Early spring in the potting shed

There comes a time in early spring every year when I can no longer avoid the mess.

The poor potting shed has endured months of me just opening the door and flinging things in. Teetering piles of pots and bags and random bits of wire.

This weekend I decided to have a jolly good sort. And clean. And generally make it camera worthy again.

Well, ignore the Virginia creeper vines on the ceiling. They might spring into bud anytime soon.

Or they might be dead. I’m not yet sure.

One thing that isn’t dead is the cat. Despite this rather adorable pose. She has her fleece lined box. And her manky cashmere spot for the hour when the sun is just so on the box of compost beside her bed.

But she requires absolute silence and solitude to enjoy this state of bliss.

A blundering human wielding a broom and flinging things about sent her into a tizz.

It was Not Her Best Day.

But the shed is mine and she settled down. After a few hours.

I had to put the plastic propagator lids over all the seedlings to stop her stomping.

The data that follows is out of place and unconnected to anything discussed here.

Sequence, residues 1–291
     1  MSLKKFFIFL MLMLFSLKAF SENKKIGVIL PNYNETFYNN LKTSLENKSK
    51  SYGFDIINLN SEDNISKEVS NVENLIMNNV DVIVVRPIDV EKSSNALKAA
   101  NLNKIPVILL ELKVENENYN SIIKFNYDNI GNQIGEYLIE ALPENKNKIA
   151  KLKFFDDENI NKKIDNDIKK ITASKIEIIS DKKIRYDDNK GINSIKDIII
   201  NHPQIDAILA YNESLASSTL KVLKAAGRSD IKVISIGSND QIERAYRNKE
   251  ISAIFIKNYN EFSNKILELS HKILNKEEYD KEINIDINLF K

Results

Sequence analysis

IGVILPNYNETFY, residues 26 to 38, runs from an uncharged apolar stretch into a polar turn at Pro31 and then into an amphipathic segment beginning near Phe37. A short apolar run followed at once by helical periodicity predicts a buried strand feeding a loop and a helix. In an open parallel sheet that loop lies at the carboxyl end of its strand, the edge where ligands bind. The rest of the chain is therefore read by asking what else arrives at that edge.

My, she was cross.

She doesn’t think much of the pot stack next to her bed either. I get slashed if I lean in too close.

Here are some of the seedlings already up: rocket, coriander (rescued from the asparagus bed) an edible agastache, dill and leeks and a few random things I’m squinting to recognise in this shot. Looks like a tagetes of sorts.

Plus lettuce (merveilles de quatre saisons) which I am bringing on indoors (they were self sowing outside in the raised beds) and mint and the lemon verbena pots which, yes, look dead.

Ah, the frisson of early spring for the gardener.

What on earth made it through the cold months? The lychnis look fine. And the Szechuan peppers look to have buds.

Actually it hasn’t been that cold this winter. And I did rather miss three weeks of it on the other side of the world.

But luckily David pricked out some of my seedlings while I was away. Let’s hope this year the orange capsicum seeds I saved from the only edible crop that didn’t set my mouth on fire will stay mild and not have been cross pollinated with a hot chilli pepper.

And top left Swiss chard, Calendula touch of red, gomphrena flowers, craspedia billy buttons, kalettes, kale, tagetes burning embers, strawflower salmon rose. I think that’s it.

I have to keep those lids on to save them from the fanged and slashing one who Doesn’t Like to Share.

Here she is poised to stomp on my gaura seeds.